What New Jersey’s Cannabis Ballot Measure Could Mean For Pennsylvania


HARRISBURG, PA (WSKG) — New Jersey is on a path to become the fourth Northeastern state behind Maine, Massachusetts, and Vermont to legalize recreational marijuana, after its voters approved a ballot referendum during last week’s election.

An important caveat: the move does not mean the cannabis industry can begin recreational sales right away. Rather, the referendum gives New Jersey state lawmakers the ability to begin establishing rules for the business.

Now, neighboring Pennsylvania faces a new dynamic if and when it considers whether to pursue its own recreational marijuana legalization measure.

Pennsylvania is one of 33 states that allows medical cannabis. The Republican-controlled state legislature is opposed to recreational use — despite repeated calls for its consideration by the Wolf administration.

Both Gov. Tom Wolf and Lieutenant Governor John Fetterman repeatedly brought up the impending weed vote in New Jersey during several press conferences on the subject in the fall.

“We either do it now and take advantage of what we can do here in Pennsylvania, or we’re going to lose a lot of revenue to our neighboring states,” Wolf said during an October press conference.

Fetterman, who has taken the lead role in championing the idea, said a newly-legal market across the border is likely to draw tax revenue and business opportunities away from Philadelphia and surrounding areas, some of the most populated in the commonwealth.

“Forty percent of our state’s population is going to be a trip to the grocery store from a veritable candy land of legal weed,” Fetterman said.

Republicans lawmakers are for the moment, opposed to a legalization measure, due to concerns about substance abuse and enforcement.

House Republican spokesman Jason Gottesman distributed a list of questions for the governor to reporters, before an administration press conference earlier in the fall. While journalists did not use any of the questions, it illustrated the GOP’s position in the chamber. It included queries such as:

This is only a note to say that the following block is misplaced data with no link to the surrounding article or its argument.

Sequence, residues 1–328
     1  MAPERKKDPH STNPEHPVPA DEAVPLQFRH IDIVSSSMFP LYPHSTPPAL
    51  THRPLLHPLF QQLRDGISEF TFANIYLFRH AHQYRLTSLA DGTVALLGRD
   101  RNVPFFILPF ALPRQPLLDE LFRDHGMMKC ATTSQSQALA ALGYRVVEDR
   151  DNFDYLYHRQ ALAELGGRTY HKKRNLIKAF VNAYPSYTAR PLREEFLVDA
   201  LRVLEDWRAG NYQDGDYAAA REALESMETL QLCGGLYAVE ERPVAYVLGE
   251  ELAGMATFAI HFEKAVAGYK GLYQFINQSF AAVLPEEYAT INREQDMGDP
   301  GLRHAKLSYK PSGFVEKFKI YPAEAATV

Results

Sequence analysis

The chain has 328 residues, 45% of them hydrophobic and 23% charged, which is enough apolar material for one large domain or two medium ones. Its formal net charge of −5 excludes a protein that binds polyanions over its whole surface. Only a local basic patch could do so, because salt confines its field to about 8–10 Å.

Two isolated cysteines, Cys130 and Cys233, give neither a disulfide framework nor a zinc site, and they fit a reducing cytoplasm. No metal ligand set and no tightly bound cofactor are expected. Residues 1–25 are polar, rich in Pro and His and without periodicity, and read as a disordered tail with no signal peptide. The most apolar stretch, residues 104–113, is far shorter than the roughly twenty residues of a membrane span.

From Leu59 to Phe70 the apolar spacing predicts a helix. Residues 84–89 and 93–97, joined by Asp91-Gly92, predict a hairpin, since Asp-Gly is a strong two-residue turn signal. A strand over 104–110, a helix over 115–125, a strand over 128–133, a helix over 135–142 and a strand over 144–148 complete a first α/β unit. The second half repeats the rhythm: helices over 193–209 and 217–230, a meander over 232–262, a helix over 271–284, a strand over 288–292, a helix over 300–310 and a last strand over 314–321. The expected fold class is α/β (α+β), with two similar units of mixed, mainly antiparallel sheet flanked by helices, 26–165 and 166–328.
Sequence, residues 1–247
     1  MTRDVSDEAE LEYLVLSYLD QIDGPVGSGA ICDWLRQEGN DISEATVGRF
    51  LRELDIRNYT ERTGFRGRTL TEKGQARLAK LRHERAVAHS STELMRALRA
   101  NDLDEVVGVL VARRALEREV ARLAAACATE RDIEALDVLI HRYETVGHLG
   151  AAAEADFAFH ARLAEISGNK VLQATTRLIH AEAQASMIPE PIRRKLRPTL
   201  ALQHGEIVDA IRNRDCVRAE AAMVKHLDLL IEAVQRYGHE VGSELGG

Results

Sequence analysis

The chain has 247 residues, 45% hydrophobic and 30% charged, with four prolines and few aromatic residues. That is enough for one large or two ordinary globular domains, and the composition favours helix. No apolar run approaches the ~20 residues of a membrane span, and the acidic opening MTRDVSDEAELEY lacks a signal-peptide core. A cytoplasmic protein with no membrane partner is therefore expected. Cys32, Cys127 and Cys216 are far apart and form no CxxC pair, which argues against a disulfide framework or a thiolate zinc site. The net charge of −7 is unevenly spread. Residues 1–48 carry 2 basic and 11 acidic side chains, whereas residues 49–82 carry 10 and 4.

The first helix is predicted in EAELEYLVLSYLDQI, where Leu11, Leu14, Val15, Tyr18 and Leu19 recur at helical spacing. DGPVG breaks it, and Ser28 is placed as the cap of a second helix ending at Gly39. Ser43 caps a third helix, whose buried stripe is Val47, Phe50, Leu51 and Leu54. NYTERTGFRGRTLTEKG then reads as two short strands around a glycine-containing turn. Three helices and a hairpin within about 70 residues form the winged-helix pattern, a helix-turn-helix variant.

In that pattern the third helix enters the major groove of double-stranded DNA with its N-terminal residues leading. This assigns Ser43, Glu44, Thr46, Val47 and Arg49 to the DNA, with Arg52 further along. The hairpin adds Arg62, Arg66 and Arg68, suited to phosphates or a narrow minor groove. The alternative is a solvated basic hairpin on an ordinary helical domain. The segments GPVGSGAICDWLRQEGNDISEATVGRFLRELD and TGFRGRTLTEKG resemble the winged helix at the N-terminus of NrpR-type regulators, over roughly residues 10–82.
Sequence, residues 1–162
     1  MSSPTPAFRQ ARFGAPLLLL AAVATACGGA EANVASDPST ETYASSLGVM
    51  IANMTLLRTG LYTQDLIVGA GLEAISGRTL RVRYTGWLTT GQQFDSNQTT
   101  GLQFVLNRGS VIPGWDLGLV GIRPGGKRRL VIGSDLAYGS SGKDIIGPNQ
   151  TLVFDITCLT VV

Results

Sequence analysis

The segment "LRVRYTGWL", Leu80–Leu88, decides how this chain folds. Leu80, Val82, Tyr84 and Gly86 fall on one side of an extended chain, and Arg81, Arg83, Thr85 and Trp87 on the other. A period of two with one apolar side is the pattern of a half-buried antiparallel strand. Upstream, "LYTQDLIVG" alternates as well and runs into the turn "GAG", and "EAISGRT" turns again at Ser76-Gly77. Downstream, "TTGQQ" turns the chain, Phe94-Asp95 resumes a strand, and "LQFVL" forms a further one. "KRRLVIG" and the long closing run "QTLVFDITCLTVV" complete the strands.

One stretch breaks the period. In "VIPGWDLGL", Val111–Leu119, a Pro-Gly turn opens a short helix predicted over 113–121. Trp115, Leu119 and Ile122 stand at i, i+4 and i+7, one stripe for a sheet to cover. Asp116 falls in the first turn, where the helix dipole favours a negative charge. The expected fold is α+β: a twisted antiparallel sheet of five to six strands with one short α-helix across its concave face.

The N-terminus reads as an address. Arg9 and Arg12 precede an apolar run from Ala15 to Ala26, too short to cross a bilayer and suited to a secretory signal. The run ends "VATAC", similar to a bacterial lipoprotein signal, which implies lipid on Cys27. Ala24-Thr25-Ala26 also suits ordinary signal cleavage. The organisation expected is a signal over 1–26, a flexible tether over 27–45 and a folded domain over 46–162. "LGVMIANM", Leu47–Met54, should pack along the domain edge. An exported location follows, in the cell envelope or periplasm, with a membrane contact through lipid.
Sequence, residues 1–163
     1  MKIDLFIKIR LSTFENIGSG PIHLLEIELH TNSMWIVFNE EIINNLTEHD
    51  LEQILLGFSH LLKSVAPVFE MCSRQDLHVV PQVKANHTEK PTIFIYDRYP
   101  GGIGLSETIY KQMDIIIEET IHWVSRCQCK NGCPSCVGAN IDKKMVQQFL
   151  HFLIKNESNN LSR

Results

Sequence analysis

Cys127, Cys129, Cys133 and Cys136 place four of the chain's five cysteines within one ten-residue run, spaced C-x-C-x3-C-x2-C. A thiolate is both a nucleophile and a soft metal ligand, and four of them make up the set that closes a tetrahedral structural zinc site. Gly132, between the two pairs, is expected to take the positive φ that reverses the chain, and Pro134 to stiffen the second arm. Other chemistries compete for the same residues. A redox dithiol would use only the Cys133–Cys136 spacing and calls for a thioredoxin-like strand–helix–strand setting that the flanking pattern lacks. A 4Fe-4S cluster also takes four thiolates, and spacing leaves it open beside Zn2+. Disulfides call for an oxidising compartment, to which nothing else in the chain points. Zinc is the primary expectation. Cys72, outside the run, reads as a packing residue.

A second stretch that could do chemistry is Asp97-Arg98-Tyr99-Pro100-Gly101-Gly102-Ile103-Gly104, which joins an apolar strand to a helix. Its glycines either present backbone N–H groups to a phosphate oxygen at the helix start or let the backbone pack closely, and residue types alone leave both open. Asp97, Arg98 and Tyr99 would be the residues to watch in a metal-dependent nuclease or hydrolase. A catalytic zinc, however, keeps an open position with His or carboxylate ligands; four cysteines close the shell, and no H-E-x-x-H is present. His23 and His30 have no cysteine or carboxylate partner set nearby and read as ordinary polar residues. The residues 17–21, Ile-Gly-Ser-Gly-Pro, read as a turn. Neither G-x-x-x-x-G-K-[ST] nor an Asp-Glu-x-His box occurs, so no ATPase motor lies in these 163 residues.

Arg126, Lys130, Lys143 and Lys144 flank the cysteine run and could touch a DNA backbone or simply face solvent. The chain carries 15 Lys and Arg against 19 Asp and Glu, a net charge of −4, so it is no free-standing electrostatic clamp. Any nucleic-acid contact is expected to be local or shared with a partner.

“How will legalizing marijuana contribute to the health and safety of Pennsylvania’s children and the well-being of our families?” and “Is it really responsible to legalize a drug just to get more cash? What does that say about morals?”

Republicans in the legislature have also accused the Wolf administration of using talk of a potential legalization measure to draw public attention away from more pressing issues, like reopening schools and businesses amid the coronavirus pandemic.

“Instead of legalizing drugs as a way to tax and spend on new government programs, the governor should work with the General Assembly to help get Pennsylvanians safely back to work, get our children the best educational opportunities, and provide the return to normalcy Pennsylvanians long for,” Gottesman wrote in September.

Keith Humphreys is a drug policy expert and psychiatry professor at Stanford University. He said if the commonwealth chooses to do so, it has a chance to legalize recreational marijuana in a “smart” way.

“If you’re in a state where you think it’s a bad idea, but it’s going to happen anyway, then the smart play is then put in a really strong regulatory system,” Humphreys said. “Regulate the potency, regulate advertising, set up a state monopoly as we’ve done in Pennsylvania with alcohol, rather than having corporations pushing product.”

A state Auditor General’s report from 2018 showed recreational marijuana could generate as much as half a billion dollars in tax revenue every year.

Humphreys said the public sentiment appears to be increasingly favorable to legalizing and taxing recreational marijuana. But before states like Pennsylvania approve or dismiss the idea out of hand, he said, it ought to be considered by lawmakers and policy experts in a measured way

“That’s my advice when I talk to states. Don’t think about this as yes or no. Think about all the range of ways you can do it and if you’re going to do it, do it in a smart way. Don’t just completely remove all regulations, because you’ll end up being sorry,” Humphreys said.